Neil Young and Crazy Horse

Neil Young and Crazy Horse’s ‘Fu##in’ Up’ is Fu##in’ Great

A track-by-track homage to their classic album Ragged Glory, Fu##in’ Up highlights Neil Young and Crazy Horse at their best – loose, loud, and long-lasting.

Fu##in' Up
Neil Young and Crazy Horse
26 April 2024

Okay, the title of this review is admittedly low-hanging fruit, but who doesn’t love a live album from Neil Young and Crazy Horse? Their concert material on LPs like Rust Never Sleeps (1979) and Live Rust (1979) have become defining artistic statements for the band as well as important documents of shifting tastes and attitudes during the late 1970s. Surprisingly, they managed to bridge a gap between the folk Americana Young had innovated and the then-emergent punk rock scene. Always attuned to the present moment, whether in his politics or debates in the music industry (read: Spotify), Young has never drifted into nostalgia, let alone irrelevance. 

That said, Fu##in’ Up is something of a trip down memory lane. Consisting of only nine songs but lasting about 65 minutes, this new release is essentially a track-by-track homage to Ragged Glory (1990), the blistering sixth album by Neil Young and Crazy Horse. The only song missing from the original record is “Mother Earth (Natural Anthem)”, the last song on the LP and its weakest. It didn’t reflect the raucous spirit that preceded it. Its absence here will go unmissed.

Recorded in November 2023, reportedly at a private show at the Rivoli in Toronto, Fu##in’ Up highlights Neil Young and Crazy Horse at their best – loose, loud, and long-lasting, but without being long-winded. For reasons that are unclear, all the tracks have been renamed with lyrics from the songs. Crazy Horse have also been revised. Micah Nelson – the son of Willie Nelson – and Nils Lofgren join Billy Talbot (bass), Ralph Molina (drums), and Young on this outing. Guitarist Frank “Poncho” Sampedro, who appeared on Ragged Glory in addition to Zuma (1975) and other classic Neil Young and Crazy Horse releases, has since retired.

Fu##in’ Up wastes no time and even starts with a slight stumble on the first track, “City Life” – originally titled “Country Home” – before Young and Crazy Horse find their groove. There are a few pauses on this album. Banter with the audience, like that found on Live Rust, is practically non-existent. The audience can only be heard in brief moments through cheering, undoubtedly reflecting its small size. In contrast to Live Rust with its cavernous sound and famously passing rainstorm – the crackling thunder complementing the crackling music – Fu##in’ Up more closely resembles the recent archival release, Way Down in the Rust Bucket (2021), which is also a club recording. Made in Santa Cruz, California, in 1990, it captures a pivotal moment just prior to the Ragged Glory tour.  

It is difficult to say what tracks stand out on Fu##in’ Up. I will take all of them. The strongest ones on Ragged Glory, like the road number “White Line” – renamed “Feels Like a Railroad” on this LP – and the garage rock romanticism of “Over and Over” – renamed “Broken Circle” – equally shine here. The third track, “Heart of Steel”, is a reprise of “Fuckin’ Up” from Ragged Glory. Has there ever been a better song of self-reproachment? Other gems include a digressive “Valley of Hearts” (originally “Love to Burn”) at 13 minutes and an equally discursive “Chance on Love” (“Love and Only Love”) at 15 minutes. Their relentless, epic reverb warms you like a bonfire.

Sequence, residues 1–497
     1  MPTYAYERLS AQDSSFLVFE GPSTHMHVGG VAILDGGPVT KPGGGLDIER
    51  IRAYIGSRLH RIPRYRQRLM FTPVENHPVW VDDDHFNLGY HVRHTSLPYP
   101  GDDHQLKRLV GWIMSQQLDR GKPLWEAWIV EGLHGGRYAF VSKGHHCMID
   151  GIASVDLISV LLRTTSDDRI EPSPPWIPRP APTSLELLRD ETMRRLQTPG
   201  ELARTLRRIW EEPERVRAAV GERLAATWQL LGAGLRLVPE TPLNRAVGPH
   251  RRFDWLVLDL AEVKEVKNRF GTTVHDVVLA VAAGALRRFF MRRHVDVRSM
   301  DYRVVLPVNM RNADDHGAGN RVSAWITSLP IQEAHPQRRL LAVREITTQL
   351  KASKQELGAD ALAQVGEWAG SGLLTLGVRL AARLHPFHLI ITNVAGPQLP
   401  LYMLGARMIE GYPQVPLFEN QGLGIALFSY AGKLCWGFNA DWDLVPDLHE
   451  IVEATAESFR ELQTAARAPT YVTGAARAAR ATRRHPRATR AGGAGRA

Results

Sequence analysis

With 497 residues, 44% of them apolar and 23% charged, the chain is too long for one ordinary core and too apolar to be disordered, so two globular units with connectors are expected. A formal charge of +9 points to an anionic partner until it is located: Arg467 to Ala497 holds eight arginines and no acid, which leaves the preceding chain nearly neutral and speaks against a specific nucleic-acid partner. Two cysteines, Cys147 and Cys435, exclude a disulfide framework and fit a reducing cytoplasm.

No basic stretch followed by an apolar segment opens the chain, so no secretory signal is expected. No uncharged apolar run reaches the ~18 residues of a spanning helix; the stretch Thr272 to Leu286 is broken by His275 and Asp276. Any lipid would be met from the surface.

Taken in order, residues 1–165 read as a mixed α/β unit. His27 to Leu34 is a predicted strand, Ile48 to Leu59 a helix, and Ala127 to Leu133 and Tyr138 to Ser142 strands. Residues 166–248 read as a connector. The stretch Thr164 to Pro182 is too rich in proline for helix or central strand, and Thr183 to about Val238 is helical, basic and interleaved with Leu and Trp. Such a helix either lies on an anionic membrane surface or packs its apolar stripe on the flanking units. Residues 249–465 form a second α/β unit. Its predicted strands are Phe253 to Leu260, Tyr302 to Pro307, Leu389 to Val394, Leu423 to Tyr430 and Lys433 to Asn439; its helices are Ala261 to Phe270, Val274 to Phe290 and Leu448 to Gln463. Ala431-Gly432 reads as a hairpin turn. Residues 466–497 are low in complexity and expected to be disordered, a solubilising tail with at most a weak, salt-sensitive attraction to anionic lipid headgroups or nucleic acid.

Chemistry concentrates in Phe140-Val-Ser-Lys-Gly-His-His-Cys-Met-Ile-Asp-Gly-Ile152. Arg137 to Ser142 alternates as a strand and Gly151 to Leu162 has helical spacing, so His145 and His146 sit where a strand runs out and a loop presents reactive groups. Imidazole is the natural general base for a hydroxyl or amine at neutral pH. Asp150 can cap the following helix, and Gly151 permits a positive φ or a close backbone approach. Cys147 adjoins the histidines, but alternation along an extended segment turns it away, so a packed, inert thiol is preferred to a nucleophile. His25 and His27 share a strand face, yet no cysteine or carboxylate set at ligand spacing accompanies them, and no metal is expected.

The lingering question is, why return to this album now? Americana has always been about finding a way through the present by resorting to the past. Bob Dylan turned to 19th-century America on John Wesley Harding (1967) to confront the escalating violence of Vietnam – an approach immediately grasped by Jimi Hendrix with his cover of “All Along the Watchtower” – while Bruce Springsteen sought to explore the ennui of the post-Vietnam era on Nebraska (1982) through ballads that resembled stories drawn from old newspaper articles about small town America. 

“Why, why do these old songs live so vividly now?” Young asks in the liner notes. “They do to me. I recognize it. Losing it, finding it, losing it…. Take a chance on love. On love, on love.” Drawing from his own lyrics, perhaps the endurance of Ragged Glory has to do with its engagement with this timeless theme: all of these tracks touch upon love in some form, whether for home, a person, or the white lines of the open road. The title Ragged Glory doesn’t refer to the American flag as often assumed but to the undaunted spirit of love.

Neil Young and Crazy Horse wear their hearts on their sleeves – or is it their amplifiers? – on this LP as they did on the original. With this perspective in mind, the title Fu##in’ Up has less to do with offhand nihilism and more to do with love’s resilience, no matter how often we might fu## up by disregarding it. A key line on this album comes from “Feels Like a Railroad”: “I’ve been down, but I’m coming back up again.”

Despite their garage rock machismo, Neil Young and Crazy Horse are ultimately old-school romantics. They deliver hard-won life lessons amidst their squalling guitars and Molina’s insistent drumbeat. In their own closing words, love and only love will endure.

RATING 8 / 10